Long-Serving Member Resigns from R.I.’s Coastal Agency
March 10, 2023
PROVIDENCE — For years the board that oversees the Ocean State’s coastal regulations has been operating with vacancies, and last month it lost a long-serving member.
The Coastal Resources Management Council (CRMC) is a 10-member board that has final say over most of the coastal agency’s decisions. CRMC executive director Jeff Willis actually reports to the council, as opposed to the governor, as most state government department heads traditionally do.
But the council hasn’t a full roster since 2019, and since the pandemic has regularly had two open vacancies. Council members are appointed by the governor, and must be confirmed by the Senate, but Gov. Dan McKee has delayed filling vacancies.
Earlier this year two empty spots became three. In January longtime council member Jerry Sahagian, who has served in some capacity on the body for more than two decades, submitted his resignation to the governor’s office. The Saunderstown resident, a real estate developer and liquor store owner, was most recently appointed and confirmed in early 2017 and was still serving despite his term having expired three years ago. State law allows council members to serve on an expired term until they are replaced.
“Mr. Sahagian served for years on the commission and the Governor is grateful for his service,” wrote a spokesperson for the governor in a statement to ecoRI News. “At this time the Governor continues to search for qualified candidates.”
Sahagian, as one of the longest-serving CRMC members, was a prominent member of the council, who typically took the lead in discussion of projects under council review. But he, along with other current members of the council, have attracted scrutiny and controversy in the past. Most recently a backdoor deal to approve the Champlin’s Marina expansion into Block Island’s Great Salt Pond spurred Jonathan Stone, then-executive director of Save The Bay, to call for the removal of those members who voted to approve the project.
Council members have also come under fire for lacking backgrounds or expertise in coastal policy or environmental issues, with the state law only specifying qualifications for members based on what community they are representing.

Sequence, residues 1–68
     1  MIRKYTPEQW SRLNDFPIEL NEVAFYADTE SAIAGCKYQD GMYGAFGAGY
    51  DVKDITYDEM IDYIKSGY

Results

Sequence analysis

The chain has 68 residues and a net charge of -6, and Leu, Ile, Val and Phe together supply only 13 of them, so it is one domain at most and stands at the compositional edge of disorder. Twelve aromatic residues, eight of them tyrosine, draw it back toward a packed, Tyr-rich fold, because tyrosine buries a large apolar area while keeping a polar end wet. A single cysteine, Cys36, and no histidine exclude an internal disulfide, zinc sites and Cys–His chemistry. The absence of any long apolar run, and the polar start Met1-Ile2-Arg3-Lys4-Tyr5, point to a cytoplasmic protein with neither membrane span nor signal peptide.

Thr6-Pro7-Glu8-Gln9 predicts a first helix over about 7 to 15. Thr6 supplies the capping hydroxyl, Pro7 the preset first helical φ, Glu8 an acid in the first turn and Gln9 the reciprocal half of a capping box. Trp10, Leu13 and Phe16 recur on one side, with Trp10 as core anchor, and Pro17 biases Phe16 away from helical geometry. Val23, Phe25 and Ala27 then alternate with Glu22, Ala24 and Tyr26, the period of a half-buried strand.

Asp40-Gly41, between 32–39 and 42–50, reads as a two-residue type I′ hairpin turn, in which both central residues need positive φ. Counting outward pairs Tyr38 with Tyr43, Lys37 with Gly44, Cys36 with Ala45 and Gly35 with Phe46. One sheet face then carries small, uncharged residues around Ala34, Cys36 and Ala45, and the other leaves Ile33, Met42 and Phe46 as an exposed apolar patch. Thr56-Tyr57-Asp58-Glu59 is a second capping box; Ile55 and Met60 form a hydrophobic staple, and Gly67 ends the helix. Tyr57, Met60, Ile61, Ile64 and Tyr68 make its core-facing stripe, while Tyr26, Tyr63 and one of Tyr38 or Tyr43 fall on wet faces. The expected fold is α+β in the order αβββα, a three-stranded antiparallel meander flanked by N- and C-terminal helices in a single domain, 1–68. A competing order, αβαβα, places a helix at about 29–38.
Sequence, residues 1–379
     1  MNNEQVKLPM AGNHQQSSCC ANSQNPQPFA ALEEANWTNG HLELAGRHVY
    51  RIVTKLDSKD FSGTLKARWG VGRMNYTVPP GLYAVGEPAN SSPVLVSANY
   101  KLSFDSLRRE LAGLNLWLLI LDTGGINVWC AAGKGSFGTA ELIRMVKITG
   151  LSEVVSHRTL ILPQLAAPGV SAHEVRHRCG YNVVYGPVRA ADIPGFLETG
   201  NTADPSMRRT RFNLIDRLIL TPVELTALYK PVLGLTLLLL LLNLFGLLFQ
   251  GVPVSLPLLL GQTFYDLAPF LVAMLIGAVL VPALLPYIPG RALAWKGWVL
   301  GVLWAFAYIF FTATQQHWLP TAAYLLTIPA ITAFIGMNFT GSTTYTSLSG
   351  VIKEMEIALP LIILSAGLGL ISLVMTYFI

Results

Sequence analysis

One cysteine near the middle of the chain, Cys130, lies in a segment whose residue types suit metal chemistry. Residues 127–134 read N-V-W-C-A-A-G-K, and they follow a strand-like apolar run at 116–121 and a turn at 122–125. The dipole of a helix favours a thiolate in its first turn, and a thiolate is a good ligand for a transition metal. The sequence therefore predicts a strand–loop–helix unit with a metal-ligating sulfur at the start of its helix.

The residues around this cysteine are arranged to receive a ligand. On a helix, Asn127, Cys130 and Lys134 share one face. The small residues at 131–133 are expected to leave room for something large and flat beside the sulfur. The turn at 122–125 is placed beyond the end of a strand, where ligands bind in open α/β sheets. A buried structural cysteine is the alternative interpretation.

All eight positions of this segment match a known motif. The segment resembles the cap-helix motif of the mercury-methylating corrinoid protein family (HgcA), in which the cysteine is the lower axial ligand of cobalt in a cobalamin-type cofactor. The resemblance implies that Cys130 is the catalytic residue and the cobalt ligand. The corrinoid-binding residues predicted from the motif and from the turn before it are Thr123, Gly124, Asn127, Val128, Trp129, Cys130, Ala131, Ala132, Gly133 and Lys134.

According to the Secretary of State’s website, Sahagian was on the council representing a coastal community as a member of the public. The website also still lists two former members, Lisette Gomes and Michael Hudner, as serving on the council.
Six members of the council must come from Rhode Island communities — three from municipalities with less than 25,000 people and three from communities with more than 25,000 people. At least five of them must serve as elected or appointed officials within the community they represent.
Here’s who is left on the council:
The director of the Rhode Island Department of Environmental management or designee serve as an ex-officio member. Ron Gagnon, an administrator in the department’s Office of Customer and Technical Assistance, typically represents DEM at meetings.
Chairman Raymond Coia and Patricia Reynolds both represent municipalities with populations greater than 25,000. Coia, who served as the council’s vice chair under previous chair Jennifer Cervenka, represents Cranston and works as an administrator at the New England Laborers Health and Safety Fund. His last term expired in January 2020.
Reynolds, who represents East Greenwich, works as the director of planning for the city of Newport. Her last term expired in January 2020.
Donald Gomez and Lindsay McGovern represent municipalities with less than 25,000 people. Gomez, who represents Little Compton, is a retired Navy undersea warfare technician and was confirmed to a new term by the Senate last year. McGovern represents Narragansett and works as an executive with renewable energy developer Revity Energy.
The newest members of the council are listed on the Secretary of State’s website as representing public members of a coastal community. Stephen Izzi, an attorney who works and lives in Cranston, has expertise in land use and development and was confirmed last year. He replaced Joy Montanaro, a dental hygienist also from Cranston.
Catherine Robinson Hall, a prominent new voice in council meetings these days, is a former DEM attorney with specific expertise in coastal policy and watershed protection. Hall lives in Smithfield and was also confirmed by the Senate last year. Her appointment filled a long-empty seat on the council.
Filling all seats on the council is crucial for it to meet quorum. Last year, the CRMC had to delay decisions on a number of projects because the board struggled to make quorum, the minimum number of members a public body must have to be able to vote on proceedings. By having a minimal number of council members appointed, one or two absences from a meeting is the difference between approving projects and business coming to a standstill.